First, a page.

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deload week for rowing

A Better Deload Week for Rowing

My strength training for rowing programs include a deload week for rowing every 4-12 weeks. Being natural pain-addicts and work-a-holics, most rowers resist this. Hey, I get it. I love lifting. Sometimes I have trouble falling asleep the night before a workout I’m really excited about. My dad bought me a used bench and concrete weight set when I was 12 and I’ve been lifting in some way ever since. I still take a deload every 6-10 weeks. I don’t always feel like I need the rest at the time, but I always feel better starting the next block of the program after the deload. Previously, when I’ve tried the “rest when you’re dead” method, I’ve always found myself burned out, injured, or my performance stagnant after about 12-14 weeks.

This doesn’t make for sexy hashtags, but if it’s a simple matter of taking a half-step back during the deload week in order to take three steps forward during the following training block and train with better energy, less risk of injury, and renewed focus, then those 5-8 weeks of reduced training load are well worth it over a 52-week annual training plan.

In this article, we’ll cover the importance of the deload week for rowing training from both a strength and rowing training approach. I’ll lay out four different options for training to achieve the goal of rest and recovery to build for more effective future training with better performance and less risk of injury.deload week for rowing

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Rowing Warmup: The Complete Guide

The warmup is an important time to set you up for the best rowing, erging, or strength training session with the lowest risk of injury. You can do a solid full-body rowing warmup in 10 minutes, or 15 minutes if you include the light aerobic time. In this article, we’ll cover my go-to rowing warmup movement sequences so you can start making this a part of your training right away.

Key Points: The rowing warmup prepares the body to generate and transmit force from good positions in rowing, erging, or strength training. Rowing is a long range-of-motion sport requiring performance from challenging physical positions  at high outputs, for long durations, and under high fatigue. To make this harder, rowers are often rolling out of bed 30 minutes before an early morning practice or sitting down all day at work or school before an afternoon or evening practice. Use these movement sequences for 10 minutes of physical preparation to get more out of your training with less risk of injury.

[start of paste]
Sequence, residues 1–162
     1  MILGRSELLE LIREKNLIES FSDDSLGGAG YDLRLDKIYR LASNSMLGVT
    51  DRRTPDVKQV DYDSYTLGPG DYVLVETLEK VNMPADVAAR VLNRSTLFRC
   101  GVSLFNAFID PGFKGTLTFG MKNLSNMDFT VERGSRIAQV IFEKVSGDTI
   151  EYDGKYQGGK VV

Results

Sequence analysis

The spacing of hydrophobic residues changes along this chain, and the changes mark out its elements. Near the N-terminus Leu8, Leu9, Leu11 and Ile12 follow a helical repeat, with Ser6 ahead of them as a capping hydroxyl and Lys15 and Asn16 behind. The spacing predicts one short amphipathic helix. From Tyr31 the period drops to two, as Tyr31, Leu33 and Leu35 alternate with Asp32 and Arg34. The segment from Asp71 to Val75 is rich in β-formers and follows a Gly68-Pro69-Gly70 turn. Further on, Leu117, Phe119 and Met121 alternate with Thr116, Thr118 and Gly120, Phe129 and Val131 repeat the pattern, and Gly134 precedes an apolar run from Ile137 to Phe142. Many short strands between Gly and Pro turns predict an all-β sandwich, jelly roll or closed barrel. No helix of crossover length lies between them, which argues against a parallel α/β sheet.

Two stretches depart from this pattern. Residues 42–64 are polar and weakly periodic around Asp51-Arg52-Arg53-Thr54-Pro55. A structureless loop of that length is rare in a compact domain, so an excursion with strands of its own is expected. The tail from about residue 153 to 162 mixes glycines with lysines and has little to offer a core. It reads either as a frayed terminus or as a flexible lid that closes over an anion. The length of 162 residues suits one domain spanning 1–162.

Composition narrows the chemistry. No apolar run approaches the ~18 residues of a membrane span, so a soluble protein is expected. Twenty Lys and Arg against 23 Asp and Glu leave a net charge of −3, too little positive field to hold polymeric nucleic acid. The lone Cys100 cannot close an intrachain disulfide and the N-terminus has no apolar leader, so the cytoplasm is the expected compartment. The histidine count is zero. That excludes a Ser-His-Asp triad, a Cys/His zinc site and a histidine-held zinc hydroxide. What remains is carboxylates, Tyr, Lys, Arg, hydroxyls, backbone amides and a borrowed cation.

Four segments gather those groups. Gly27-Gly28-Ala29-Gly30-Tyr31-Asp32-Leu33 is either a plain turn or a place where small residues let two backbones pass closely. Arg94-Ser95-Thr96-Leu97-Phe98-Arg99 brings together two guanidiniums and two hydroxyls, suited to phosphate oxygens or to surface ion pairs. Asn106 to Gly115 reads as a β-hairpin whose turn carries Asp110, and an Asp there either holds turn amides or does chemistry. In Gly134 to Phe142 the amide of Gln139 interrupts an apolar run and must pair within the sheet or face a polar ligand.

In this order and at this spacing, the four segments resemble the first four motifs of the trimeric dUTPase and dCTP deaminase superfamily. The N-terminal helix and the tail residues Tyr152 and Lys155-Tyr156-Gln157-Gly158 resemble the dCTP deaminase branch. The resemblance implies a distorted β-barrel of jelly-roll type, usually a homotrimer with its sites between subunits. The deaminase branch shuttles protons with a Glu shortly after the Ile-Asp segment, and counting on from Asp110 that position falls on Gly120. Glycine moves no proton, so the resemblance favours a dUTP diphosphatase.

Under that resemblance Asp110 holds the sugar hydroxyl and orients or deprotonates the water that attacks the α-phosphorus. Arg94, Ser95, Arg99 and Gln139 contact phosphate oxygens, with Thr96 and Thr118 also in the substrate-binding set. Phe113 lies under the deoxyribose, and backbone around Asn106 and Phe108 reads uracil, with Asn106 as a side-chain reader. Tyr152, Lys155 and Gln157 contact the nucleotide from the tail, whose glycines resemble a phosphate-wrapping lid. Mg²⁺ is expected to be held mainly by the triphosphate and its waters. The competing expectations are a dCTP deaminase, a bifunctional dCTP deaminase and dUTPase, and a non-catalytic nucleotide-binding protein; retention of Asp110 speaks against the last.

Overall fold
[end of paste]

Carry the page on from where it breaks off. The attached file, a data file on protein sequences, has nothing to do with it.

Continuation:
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Why I Hate the Bench Pull for Rowing

I hate the bench pull for rowing strength training. I can see a justification for most other exercises, but the bench pull is one of the few exercises I’ll do everything I can to avoid using in my strength training for rowers. This is a controversial opinion in rowing, especially among more “old school” coaches and rowers who remember the lift with mythical status of the 1970s, 80s, and early 90s. I’ll use this article to state my case for why the bench pull should be left behind in the modern era of rowing, what exercises I use instead of the bench pull, as well as how to modify the bench pull to be a more effective, safer exercise for those who must bench pull.

Key Points: Bench pull rowing enthusiasts usually tout the exercise’s specificity to the rowing stroke, but I see it as anything but specific. Rowers rowing on the water or on ergs do not lie facedown on a solid object and pull with their arms in a straight line against a static object. Rowers execute a refined movement to place the blade in the water (a dynamic target), initiate force with the lower body, transfer it through a torso in the hinge position, and complete the stroke in a dynamic, smooth motion with the upper body muscles. My biggest problem with the bench pull is the direct pressure on the ribcage as a known risk factor for the common and costly rib stress injury. Rowers should use other horizontal pull exercises like bodyweight rows, single-arm rows, and a few more variations rather than take on such risk for such little benefit as the bench pull for rowing performance.

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10 best exercises for rowing cover image, barbell and text

The 10 Best Strength Training Exercises for Rowing